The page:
Up to 60 percent of those with thyroid disease are unaware of their condition due to misdiagnosis. Knowing the symptoms of thyroid diseases, such as Graves' disease and Hashimoto's disease, can help with early detection and proper treatment of thyroid disease reduces associated long-term risks.
When Magdalena Wszelaki was in her late 20s, she was diagnosed with Graves’ disease. Wszelaki knew very little about the disease, other than that it affected her thyroid and she had to take medication to “slow it down,” so she took the medication and went on with life as usual. But then, in her mid 30s, while Wszelaki was living in Shanghai and working a high-powered job in the advertising industry, she was suddenly diagnosed with another mysterious disorder—this time it was Hashimoto’s disease (sometimes called Hashimoto’s thyroiditis), characterized by an underactive thyroid. “That’s when I came down with everything: depression, anxiety attacks, memory loss—I had a total personality change. My life was falling apart,” Wszelaki recalls. Given little information by her doctors, Wszelaki researched her condition and found that what she was battling was actually an autoimmune disorder. “That freaked me out,” she says. “My body was destroying my own thyroid.”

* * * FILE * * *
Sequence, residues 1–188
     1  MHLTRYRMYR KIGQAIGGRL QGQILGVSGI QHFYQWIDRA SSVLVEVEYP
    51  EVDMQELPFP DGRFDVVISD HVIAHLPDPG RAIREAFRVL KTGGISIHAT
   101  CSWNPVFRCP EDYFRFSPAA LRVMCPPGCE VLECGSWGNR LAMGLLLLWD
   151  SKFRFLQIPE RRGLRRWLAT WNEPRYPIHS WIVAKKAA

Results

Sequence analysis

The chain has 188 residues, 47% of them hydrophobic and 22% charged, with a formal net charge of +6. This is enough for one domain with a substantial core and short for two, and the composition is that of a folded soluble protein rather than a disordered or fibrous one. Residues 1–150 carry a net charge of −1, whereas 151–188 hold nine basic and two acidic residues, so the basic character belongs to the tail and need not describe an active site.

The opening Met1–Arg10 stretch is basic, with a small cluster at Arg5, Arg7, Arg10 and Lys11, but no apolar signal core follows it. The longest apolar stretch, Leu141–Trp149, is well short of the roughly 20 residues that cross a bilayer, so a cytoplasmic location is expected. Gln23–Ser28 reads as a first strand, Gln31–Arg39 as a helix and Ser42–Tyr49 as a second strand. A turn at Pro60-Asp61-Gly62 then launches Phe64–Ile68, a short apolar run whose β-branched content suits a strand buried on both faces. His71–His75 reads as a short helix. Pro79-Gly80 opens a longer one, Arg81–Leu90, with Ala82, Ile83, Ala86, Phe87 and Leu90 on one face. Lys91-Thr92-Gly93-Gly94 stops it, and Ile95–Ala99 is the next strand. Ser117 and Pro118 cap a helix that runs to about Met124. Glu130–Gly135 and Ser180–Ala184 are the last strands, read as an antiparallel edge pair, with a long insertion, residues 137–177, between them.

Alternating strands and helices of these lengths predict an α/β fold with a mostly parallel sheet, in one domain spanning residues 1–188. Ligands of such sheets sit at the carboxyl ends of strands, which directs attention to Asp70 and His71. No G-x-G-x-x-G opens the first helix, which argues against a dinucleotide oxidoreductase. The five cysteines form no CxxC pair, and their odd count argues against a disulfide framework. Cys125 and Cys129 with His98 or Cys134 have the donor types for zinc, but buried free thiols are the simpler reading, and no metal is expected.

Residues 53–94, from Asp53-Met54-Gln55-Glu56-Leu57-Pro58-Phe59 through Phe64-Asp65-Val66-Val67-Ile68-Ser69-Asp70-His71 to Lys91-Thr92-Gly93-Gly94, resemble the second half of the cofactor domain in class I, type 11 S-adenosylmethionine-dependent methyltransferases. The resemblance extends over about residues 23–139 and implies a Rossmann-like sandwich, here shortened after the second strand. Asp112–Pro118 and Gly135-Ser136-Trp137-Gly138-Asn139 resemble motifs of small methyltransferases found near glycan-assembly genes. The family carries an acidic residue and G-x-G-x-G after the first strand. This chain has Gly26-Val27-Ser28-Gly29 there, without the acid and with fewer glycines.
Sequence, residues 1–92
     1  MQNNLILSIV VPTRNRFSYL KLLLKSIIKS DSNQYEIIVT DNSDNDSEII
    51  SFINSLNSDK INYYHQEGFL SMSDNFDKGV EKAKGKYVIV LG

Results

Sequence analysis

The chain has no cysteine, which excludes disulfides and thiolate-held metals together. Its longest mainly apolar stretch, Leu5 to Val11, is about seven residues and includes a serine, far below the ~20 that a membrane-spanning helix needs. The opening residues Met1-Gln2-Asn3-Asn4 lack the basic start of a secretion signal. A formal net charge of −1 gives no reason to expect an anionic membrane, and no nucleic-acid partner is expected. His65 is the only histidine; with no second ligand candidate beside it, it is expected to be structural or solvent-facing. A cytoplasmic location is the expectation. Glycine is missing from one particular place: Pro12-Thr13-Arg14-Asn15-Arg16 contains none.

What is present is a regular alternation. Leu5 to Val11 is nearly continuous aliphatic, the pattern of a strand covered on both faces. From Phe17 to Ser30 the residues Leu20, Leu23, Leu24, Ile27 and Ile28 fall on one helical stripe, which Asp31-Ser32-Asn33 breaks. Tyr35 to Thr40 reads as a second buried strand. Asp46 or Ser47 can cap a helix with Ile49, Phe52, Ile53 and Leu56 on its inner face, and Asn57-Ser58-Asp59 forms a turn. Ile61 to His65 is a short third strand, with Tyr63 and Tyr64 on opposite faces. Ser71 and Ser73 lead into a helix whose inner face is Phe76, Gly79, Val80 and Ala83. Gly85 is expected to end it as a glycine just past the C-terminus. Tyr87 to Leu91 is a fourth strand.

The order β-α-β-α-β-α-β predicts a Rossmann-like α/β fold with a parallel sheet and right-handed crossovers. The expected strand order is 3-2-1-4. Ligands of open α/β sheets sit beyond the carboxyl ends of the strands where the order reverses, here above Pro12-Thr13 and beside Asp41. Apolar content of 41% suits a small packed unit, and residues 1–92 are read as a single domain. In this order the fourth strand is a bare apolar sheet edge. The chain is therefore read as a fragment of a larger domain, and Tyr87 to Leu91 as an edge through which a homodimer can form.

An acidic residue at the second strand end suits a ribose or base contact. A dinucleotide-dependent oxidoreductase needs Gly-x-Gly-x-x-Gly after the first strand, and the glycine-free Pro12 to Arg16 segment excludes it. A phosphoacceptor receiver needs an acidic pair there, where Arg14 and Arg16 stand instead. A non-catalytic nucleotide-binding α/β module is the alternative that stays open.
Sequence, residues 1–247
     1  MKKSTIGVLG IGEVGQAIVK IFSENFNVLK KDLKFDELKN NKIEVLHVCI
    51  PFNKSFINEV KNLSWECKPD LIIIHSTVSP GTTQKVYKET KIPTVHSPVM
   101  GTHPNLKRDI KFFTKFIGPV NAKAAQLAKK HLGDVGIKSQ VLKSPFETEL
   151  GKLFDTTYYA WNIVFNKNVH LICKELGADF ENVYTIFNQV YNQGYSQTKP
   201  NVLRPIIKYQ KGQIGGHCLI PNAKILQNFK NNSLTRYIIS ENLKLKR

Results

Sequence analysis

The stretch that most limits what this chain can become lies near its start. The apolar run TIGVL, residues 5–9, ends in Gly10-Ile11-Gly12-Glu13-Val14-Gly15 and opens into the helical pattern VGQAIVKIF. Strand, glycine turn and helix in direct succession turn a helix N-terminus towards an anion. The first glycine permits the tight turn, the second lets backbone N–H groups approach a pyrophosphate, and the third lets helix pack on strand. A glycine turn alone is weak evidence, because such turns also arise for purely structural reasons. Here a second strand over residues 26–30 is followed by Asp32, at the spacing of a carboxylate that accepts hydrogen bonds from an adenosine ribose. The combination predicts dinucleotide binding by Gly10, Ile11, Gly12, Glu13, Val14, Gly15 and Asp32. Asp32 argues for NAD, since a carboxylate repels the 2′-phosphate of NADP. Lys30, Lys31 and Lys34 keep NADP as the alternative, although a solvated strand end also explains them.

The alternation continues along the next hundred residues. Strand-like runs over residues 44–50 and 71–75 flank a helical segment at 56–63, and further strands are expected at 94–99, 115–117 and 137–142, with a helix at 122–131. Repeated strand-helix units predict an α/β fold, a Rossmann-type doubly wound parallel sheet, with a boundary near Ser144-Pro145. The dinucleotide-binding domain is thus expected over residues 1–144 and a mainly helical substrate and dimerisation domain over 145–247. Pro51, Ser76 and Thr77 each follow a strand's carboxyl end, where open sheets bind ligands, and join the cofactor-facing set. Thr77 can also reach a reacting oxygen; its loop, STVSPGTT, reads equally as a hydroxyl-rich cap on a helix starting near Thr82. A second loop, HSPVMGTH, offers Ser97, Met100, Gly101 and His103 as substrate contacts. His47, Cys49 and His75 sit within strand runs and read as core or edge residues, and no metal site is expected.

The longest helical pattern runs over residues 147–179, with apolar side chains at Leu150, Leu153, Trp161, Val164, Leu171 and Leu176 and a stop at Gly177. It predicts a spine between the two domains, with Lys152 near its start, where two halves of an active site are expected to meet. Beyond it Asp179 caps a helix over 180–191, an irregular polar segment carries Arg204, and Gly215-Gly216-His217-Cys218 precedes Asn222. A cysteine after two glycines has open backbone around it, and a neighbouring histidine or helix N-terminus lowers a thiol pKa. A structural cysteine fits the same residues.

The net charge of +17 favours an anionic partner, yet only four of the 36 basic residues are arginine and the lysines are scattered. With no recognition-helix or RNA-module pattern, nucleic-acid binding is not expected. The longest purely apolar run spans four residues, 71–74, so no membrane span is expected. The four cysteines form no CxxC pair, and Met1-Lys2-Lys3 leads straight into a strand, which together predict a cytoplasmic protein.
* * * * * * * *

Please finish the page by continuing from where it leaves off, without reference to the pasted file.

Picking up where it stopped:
Wszelaki’s story is not all that uncommon. According to the
American Thyroid Association, an estimated 20 million Americans have some form of thyroid disease. The thyroid is a butterfly-shaped gland that sits just below the Adam’s apple. Though it’s only about the size of a grape, this little organ affects your entire body. The gland produces hormones that help the body regulate how quickly it uses energy (metabolism), make proteins, and regulate other hormones. In a nutshell: When it’s not working properly, your entire body feels the affects.
Women are five to eight times more likely than men to have thyroid problems, and Hashimoto’s disease is the most common thyroid disorder in women. This autoimmune condition causes your body to produce antibodies that gradually destroy your thyroid, and it causes hypothyroidism, a condition in which the thyroid gland does not produce enough thyroid hormone. As in Wszelaki’s case, Hashimoto’s is sometimes preceded by a hyperthyroid condition, like Graves'. Over time, the thyroid “burns out,” and the individual develops hypothyroidism. Some common symptoms of hypothyroidism are fatigue, a slower metabolism (which can lead to weight gain), constipation, hair loss, and depression.